Austria, Slovakia, Czechia Vow to Avoid Border Closures

The parliamentary presidents of the three countries met in Grafenegg, 50 km outside of Vienna. Hungary’s recent steps to close its borders were also discussed.

Despite rising corona numbers, Austria, Czechia and Slovakia want to avoid renewed border closures if possible. Meeting in Schloss Grafenegg in Lower Austria on Sunday, August 30, the three parliamentary presidents – Austrian National Council President Wolfgang Sobotka (ÖVP) and his counterparts from Slovakia, Boris Kollár, and the Czech Republic, Radek Vondráček reaffirmed their commitment to free movement between the countries, in recognition of the economic and social importance of continued cooperation.

 “We have assured each other that border closures will be the very last measure,” said Kollár, president of the Slovak Parliament, according to the Slovak news agency TASR.

Kollár also assured Austria that Slovak nurses and caregivers would be allowed to travel to Austria without restrictions in the future.

The announcement took on added weight in light of Hungary’s announcement over the weekend that it would close its borders to foreigners again starting on September 1, a move the three parliamentary presidents discussed in some detail. 

According to official parliamentary transcripts, Austrian parliamentary president Sobotka praised the good cooperation between the three countries to date and emphasized that the successful fight against the COVID-19 pandemic would require good and regular coordination between the three neighbors.

Harsh Criticism from Businesses for Hungarian Measures

The Austrian Federal Economic Chamber (WKÖ) has meanwhile sharply criticized the Hungarian government’s decision to close the country’s borders again. “This threatens to add another unreasonable burden weighing on the economy,” said WKÖ Secretary General Karlheinz Kopf in a statement Sunday evening. “Both domestic firms and commuters are massively affected by the Hungarian border closures.”

Business trips from Austria to Hungary would in future only be exempt from the ban if an Austrian company had a branch office in Hungary. Also, commuters – who number in the thousands – should expect difficult hurdles, warned the WKÖ.  According to the new regulations, only commuters from within 30 kilometers of the border may enter Hungary more easily and can only stay for a maximum of 24 hours at a time.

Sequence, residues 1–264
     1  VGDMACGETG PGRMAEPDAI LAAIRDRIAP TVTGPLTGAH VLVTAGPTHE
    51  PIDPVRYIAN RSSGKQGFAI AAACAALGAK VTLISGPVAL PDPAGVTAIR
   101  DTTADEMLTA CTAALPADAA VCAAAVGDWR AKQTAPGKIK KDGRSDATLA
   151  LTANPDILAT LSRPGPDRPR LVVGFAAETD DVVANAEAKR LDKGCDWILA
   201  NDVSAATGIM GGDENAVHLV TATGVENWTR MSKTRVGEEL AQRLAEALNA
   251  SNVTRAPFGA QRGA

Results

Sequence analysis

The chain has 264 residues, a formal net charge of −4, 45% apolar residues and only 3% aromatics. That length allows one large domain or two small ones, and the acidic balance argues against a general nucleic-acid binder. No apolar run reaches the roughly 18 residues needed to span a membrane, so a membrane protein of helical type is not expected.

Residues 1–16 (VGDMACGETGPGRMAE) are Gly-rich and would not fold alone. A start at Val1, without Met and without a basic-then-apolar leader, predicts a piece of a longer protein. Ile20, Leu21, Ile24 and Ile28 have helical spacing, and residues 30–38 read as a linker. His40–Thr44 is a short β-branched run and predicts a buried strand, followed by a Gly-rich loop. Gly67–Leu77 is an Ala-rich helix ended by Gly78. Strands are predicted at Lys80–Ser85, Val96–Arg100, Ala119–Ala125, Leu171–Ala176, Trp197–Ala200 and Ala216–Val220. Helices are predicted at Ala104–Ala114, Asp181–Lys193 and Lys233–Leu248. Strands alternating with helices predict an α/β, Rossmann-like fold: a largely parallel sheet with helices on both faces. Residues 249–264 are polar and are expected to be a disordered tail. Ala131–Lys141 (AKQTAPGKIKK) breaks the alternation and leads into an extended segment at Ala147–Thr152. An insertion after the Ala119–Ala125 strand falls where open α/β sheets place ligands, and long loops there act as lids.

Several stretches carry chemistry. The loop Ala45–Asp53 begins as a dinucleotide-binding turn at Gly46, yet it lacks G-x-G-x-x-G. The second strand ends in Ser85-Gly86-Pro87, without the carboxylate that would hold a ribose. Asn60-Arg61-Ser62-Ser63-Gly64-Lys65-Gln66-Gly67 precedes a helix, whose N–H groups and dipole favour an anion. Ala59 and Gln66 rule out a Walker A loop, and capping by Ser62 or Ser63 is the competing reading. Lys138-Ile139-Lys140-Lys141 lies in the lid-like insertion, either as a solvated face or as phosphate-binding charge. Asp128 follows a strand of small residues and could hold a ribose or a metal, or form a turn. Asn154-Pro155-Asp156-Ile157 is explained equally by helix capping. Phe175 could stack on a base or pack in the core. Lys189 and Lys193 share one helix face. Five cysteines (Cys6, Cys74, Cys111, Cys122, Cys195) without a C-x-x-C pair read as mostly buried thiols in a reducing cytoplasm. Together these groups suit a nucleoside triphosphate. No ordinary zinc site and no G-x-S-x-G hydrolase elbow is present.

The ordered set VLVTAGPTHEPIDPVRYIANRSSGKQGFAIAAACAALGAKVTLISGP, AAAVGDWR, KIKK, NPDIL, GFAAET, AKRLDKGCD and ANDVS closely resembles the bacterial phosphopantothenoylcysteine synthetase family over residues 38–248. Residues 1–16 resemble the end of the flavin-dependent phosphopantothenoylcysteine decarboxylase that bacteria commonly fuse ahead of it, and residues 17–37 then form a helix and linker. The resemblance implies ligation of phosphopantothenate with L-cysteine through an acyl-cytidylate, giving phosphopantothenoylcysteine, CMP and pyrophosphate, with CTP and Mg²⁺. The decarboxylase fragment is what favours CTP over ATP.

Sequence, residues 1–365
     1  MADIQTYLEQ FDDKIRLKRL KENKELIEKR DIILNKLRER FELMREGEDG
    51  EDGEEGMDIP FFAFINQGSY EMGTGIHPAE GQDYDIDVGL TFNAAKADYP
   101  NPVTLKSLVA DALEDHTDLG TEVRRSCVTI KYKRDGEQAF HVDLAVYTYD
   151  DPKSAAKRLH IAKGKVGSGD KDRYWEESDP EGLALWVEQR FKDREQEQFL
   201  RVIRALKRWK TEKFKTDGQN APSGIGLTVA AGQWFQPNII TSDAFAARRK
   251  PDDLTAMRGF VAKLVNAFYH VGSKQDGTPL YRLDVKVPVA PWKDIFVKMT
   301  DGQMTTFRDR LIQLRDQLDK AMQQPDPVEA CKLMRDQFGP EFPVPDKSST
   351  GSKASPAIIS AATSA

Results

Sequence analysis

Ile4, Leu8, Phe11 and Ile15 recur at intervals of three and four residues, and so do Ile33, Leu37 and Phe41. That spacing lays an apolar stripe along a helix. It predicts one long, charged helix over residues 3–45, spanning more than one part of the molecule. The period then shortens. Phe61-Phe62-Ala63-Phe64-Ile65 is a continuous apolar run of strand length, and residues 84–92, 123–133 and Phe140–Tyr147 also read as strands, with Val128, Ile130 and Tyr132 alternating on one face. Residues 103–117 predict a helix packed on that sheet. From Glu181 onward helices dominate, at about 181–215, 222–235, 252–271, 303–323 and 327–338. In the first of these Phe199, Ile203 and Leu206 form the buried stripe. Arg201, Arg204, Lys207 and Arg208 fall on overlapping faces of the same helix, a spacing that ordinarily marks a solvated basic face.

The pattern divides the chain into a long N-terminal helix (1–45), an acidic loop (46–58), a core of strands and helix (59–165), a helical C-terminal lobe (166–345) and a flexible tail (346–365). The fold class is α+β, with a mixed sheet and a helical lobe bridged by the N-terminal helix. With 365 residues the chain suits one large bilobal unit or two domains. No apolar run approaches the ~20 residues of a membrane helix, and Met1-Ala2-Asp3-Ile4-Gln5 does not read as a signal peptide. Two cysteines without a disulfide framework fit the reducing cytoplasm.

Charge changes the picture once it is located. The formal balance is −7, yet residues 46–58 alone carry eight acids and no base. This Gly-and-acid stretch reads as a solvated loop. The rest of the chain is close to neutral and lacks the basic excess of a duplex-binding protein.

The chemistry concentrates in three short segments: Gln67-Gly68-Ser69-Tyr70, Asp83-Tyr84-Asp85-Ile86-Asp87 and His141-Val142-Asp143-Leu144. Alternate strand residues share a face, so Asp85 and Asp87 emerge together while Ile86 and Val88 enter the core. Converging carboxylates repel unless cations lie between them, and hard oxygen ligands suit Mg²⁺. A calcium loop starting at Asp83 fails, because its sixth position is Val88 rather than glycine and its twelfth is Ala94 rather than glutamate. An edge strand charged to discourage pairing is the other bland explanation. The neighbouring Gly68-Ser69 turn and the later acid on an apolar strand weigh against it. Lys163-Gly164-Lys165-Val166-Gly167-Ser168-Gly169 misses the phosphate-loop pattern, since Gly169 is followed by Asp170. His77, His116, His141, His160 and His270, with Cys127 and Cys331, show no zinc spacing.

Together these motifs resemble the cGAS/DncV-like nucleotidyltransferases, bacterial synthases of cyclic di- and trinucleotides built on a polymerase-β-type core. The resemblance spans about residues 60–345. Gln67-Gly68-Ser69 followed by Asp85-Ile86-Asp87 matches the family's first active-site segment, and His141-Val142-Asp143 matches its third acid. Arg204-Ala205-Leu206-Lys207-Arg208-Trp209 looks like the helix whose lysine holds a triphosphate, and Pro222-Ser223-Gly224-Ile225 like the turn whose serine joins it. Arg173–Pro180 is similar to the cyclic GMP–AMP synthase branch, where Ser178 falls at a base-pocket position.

“This represents a significant competitive disadvantage for our companies, since it renders international business trips all but impossible. For a country like Austria, which earns 8 out of 10 export euros within Europe, this is particularly problematic,” said Kopf, calling “finally [for] an EU-wide uniform approach that takes account of economic reality and supports the functioning of the economy rather than endangering it.”

Brussels to the Rescue

In the meantime, the EU Commission has for several months been urging implementation of a better-harmonized system within the Union. Now, Germany, as acting EU president, also wants to put an end to the different approaches of the member states to travel restrictions within Europe, and presented an official paper to this effect which is currently being discussed by the responsible ambassadors and ministers.

Currently, member states are using varied criteria to impose travel restrictions within the EU in response to SARS-CoV-2. This leads to “a different assessment with regard to risk areas,” according to the German paper. In addition, the underlying data is based in some cases on entire countries, and in others only on specific regions.

In many EU countries, there are exact figures as to when a country of origin is classified as a risk area – in Austria, however, the criteria are rather vague.

To address this, the EU Commission presented new proposals to the member states in a working group on Friday, August 28, focused on three central points: common criteria on epidemiological risks, a “color-coding system” for risk classification and a “common approach” to measures for travelers from risk areas, such as quarantine and mandatory coronavirus tests.

The challenge now is as to whether EU member states will find the will to work together, or like Hungary, withdraw into isolation. The resolution of the border question will be telling.

Benjamin Wolf
Benjamin studied Journalism, History and International Affairs. After stints with Cafébabel in Paris and Arte in Strasbourg, he is now working as managing editor and COO for Metropole in Vienna. Fields of expertise are politics, economics, culture, and history. Photo: Visual Hub

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